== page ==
Social Determinants Explored: How Economic Stability Impacts Health

   

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As the poverty crisis in the United States continues to affect populations' health and well-being across the country, there is progress afoot: The poverty rate in the U.S. fell to 10.5 percent in 2019, marking the fifth straight year that the rate has declined.

That stat is especially promising given that it was only 10 years ago that the U.S.'s poverty rate hit a 30-year peak, following the Great Recession's economic devastation. But to truly move the needle on poverty, more work needs to be done to explore the impact of economic stability in healthcare and patient outcomes.

That work begins with recognizing that poverty isn't just a matter of someone receiving an income that doesn't sufficiently support their families' needs. Poverty can also be reflected in a person's poor health, food and housing insecurity, isolation, lack of agency, and so much more.

Simply put, the health of a population is affected by the risks and behaviors exhibited within that population and by a range of economic and social conditions that surround them—otherwise known as the social determinants of health (SDoH).

Economic Stability and SDoH

In a famous 1942 report by British academic and civil servant William Beveridge, "Social Insurance and Allied Services," Beveridge  identified what he termed the "five giant evils" that needed to be confronted and defeated to guarantee a peaceful, prosperous, and equal society for the United Kingdom: 

  1. squalor
  2. ignorance
  3. want
  4. idleness
  5. disease 

To Beveridge, analyzing disadvantage meant looking beyond income poverty alone and, instead, analyzing at the relationships among the giant evils.

Inspired by Beveridge's work, a 2016 report from the Brookings Institution provided a 21st-century update on the "five giant evils," citing five dimensions of poverty in the U.S.:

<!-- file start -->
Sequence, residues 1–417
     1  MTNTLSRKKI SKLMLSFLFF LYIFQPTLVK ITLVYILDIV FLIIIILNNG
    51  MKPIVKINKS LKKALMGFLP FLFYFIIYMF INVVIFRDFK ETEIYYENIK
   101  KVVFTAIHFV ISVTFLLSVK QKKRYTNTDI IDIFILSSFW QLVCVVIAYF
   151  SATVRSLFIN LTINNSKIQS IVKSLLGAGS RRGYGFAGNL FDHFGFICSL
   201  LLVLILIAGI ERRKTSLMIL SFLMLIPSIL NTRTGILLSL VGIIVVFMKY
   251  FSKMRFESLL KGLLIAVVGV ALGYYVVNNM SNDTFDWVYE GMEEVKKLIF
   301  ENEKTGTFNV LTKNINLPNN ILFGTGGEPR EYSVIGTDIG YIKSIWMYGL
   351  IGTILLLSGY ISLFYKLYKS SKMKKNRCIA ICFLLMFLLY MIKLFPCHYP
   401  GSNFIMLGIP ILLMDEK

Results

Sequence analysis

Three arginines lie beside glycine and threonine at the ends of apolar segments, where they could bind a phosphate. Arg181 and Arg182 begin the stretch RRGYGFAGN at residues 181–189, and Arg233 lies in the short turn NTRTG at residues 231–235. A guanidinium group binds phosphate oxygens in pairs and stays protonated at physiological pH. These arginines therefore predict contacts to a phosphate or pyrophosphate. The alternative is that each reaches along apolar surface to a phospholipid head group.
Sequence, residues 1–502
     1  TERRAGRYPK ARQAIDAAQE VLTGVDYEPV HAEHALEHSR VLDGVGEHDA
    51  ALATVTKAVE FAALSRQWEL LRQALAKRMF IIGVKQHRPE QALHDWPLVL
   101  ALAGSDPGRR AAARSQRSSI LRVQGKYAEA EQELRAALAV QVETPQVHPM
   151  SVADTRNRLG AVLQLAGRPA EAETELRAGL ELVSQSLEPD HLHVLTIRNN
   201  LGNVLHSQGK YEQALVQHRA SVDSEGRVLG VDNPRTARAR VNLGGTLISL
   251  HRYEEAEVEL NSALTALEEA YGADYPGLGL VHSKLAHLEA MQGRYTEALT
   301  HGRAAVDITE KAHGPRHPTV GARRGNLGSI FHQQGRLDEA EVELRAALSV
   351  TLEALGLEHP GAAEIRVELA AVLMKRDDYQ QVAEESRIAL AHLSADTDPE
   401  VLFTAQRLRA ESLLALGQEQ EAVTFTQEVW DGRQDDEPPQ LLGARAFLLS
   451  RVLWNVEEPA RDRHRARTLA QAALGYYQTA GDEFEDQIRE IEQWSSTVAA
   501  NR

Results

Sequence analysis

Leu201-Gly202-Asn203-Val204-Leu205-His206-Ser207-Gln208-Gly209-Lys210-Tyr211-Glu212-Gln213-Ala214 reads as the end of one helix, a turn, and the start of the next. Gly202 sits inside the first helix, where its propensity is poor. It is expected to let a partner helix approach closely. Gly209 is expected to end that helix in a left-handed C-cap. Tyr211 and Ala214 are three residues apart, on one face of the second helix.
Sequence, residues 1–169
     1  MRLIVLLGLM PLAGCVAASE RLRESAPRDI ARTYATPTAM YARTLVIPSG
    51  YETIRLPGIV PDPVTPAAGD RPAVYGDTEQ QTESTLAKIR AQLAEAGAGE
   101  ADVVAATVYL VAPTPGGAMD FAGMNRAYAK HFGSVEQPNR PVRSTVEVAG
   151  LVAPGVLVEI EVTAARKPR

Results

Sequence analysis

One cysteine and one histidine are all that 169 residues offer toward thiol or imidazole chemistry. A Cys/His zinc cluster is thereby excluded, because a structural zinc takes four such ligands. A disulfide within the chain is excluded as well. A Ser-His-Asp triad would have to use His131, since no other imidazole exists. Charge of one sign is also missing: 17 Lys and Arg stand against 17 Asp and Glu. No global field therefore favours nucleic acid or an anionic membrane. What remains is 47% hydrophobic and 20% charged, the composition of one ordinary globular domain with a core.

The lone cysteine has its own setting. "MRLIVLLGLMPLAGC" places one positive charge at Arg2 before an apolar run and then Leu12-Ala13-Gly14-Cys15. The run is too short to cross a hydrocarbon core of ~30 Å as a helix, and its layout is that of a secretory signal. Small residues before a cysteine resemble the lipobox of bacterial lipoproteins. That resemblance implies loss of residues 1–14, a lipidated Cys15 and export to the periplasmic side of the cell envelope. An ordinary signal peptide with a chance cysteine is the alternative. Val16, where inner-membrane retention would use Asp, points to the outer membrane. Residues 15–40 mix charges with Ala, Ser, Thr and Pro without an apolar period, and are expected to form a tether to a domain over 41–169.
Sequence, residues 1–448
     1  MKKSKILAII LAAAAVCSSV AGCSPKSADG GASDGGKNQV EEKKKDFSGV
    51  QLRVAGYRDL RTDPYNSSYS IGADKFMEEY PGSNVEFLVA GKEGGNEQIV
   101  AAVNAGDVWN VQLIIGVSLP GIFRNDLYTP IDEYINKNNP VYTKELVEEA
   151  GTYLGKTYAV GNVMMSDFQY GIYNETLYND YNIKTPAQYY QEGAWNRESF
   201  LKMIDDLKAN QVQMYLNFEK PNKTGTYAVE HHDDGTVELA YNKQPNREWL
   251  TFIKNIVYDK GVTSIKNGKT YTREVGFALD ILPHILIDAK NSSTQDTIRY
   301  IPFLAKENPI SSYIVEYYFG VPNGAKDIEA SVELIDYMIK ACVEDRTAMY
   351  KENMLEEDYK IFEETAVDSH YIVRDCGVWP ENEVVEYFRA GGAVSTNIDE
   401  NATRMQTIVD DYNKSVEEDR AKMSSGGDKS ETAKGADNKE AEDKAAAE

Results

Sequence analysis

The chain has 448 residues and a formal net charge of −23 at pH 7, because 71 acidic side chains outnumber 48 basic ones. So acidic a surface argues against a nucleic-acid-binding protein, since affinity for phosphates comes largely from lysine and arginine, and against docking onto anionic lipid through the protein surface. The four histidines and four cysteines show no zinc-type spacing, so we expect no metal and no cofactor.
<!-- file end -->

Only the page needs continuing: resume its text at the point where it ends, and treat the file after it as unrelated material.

1. low household income
  2. limited education
  3. lack of health insurance
  4. concentrated spatial poverty
  5. unemployment

In essence, the Brookings report's dimensions of poverty represented the major social determinants of health, which have been proved to impact 60 percent of a person's overall health. Using American Community Survey data for 2014 to look at the general adult population, the Brookings report found that each dimension of poverty affected anywhere from 11 to 21 percent of people. Nearly half the population faced at least one dimension of poverty. According to the report, nearly a quarter faced at least two, with nine percent and two percent facing at least three and at least four dimensions, respectively.

Those figures are sobering when thinking of the manifold ways that a lack of economic stability can amplify the SDoH that contributes to overall health—from inadequate health insurance and a lack of access to health services to housing and food insecurity, struggling educational systems, and difficulty accessing reliable transportation.

The Impact of Economic Stability in Healthcare 

Addressing economic stability and SDoH is integral to healthcare and community organizations looking to drive positive health outcomes. In fact, research by the National Center for Biotechnology Information suggests that the number of deaths in the U.S. due to SDoH, such as a lack of education, segregation, and other social factors, may be comparable to the number resulting from heart disease, lung cancer, and other leading causes of death.